The jour­ney be­gan on Septem­ber 15 2014 and we kept postponing our re­turn date be­cause we didn’t want it all to end. We vis­ited more than 25 car­a­van parks, cov­ered more than 10 000km and tra­versed all nine prov­inces. Sub­se­quent to this trip, we had sev­eral other trips partly spon­sored. At the end of these trips, we had been to more than 60 camp­ing/car­a­van parks and had driven more than 25 000km. We also trav­elled to Swazi­land to see if they faced sim­i­lar chal­lenges to South Africa’s.

I have trav­elled a lot within South Africa and be­yond, for both leisure and work pur­poses. But these three months were some­thing dif­fer­ent: out of this world, in­cred­i­ble. I can’t suf­fi­ciently ex­press the value of tak­ing three months out of our so-called nor­mal lives and mak­ing this dream trip.

This trip was sim­ply price­less and re­ward­ing on so many lev­els. Hav­ing first-hand ex­pe­ri­ence in the African wild, I can stand tall and proudly say we have a beau­ti­ful coun­try. South Africa is very rich in nat­u­ral scenery: beaches, vine­yards, coun­try­side and moun­tain ranges. It is also en­dowed with di­verse cul­tures in each prov­ince, so much so that you feel like you are in a dif­fer­ent coun­try as you drive from one prov­ince to the other, and yet there is a dis­tinct sense of con­nec­tiv­ity; of be­ing in one coun­try.

The only sad story is that this wealth of na­ture is only en­joyed by a few South Africans and in­ter­na­tional tourists.

The re­al­ity is, we black South Africans strongly be­lieve that be­cause many of us come from ru­ral ar­eas, there is no need for us to pay money and go and see ele­phants or lions. In any case, we can go to the zoo and see them. How­ever, we do not re­alise the ben­e­fits of be­ing in the wild, the ben­e­fits of out­door life, the ef­fect na­ture has on our chil­dren and us as a fam­ily. On the other hand, many white South Africans have mas­tered the art of trav­el­ling and ap­pre­ci­at­ing our coun­try. Through my in­ter­ac­tions with fel­low campers, I have come to un­der­stand why they camp and how it all started.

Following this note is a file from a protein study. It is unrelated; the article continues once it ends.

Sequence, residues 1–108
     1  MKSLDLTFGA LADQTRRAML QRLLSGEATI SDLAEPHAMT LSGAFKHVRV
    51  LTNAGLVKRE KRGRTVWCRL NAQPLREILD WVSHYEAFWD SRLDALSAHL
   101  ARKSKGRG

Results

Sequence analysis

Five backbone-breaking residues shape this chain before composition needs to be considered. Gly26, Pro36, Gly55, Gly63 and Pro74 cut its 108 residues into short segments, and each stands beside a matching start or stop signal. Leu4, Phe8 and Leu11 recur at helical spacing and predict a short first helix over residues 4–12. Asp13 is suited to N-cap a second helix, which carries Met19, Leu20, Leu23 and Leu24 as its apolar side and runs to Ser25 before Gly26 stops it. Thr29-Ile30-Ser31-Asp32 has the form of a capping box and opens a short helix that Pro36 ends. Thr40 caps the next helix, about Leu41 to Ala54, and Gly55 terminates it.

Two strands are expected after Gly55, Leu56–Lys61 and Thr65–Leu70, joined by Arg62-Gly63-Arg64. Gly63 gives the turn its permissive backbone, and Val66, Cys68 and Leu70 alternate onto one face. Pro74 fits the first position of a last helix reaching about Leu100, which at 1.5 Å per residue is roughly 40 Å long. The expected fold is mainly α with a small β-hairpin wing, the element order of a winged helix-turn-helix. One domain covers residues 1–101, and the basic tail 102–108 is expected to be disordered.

Life in the wild is noth­ing like life in the sub­urbs. We have a huge house, but it feels like a pri­son with high walls, an elec­tric fence, top-of-the-range alarm sys­tem, cam­eras on the street and a 24-hour se­cu­rity guard walk­ing up and down the street. How­ever, in a car­a­van park, there is no sense of fear, no walls, no alarms and no se­cu­rity cam­eras, but there is a fence to keep the hip­pos out! There is a sense of be­long­ing, con­nect­ing with your inner self and, of course, the lib­er­a­tion na­ture has to of­fer.

As I sat with my fam­ily around the fire, roast­ing veg­eta­bles, smelling the aroma of lamb chops, spicy chicken wings and boere­wors on the fire, and en­joy­ing chilled drinks un­der the full moon with the sounds of jack­als in the dis­tance, I felt eman­ci­pa­tion, I felt en­rich­ment and I felt I was liv­ing life to the fullest.

Pupils run away from po­lice armed with tear gas and sjam­boks

Hun­dreds of peo­ple at­tend the funer­als of mas­sacre vic­tims

Newspapers in English

Newspapers from South Africa

© PressReader. All rights reserved.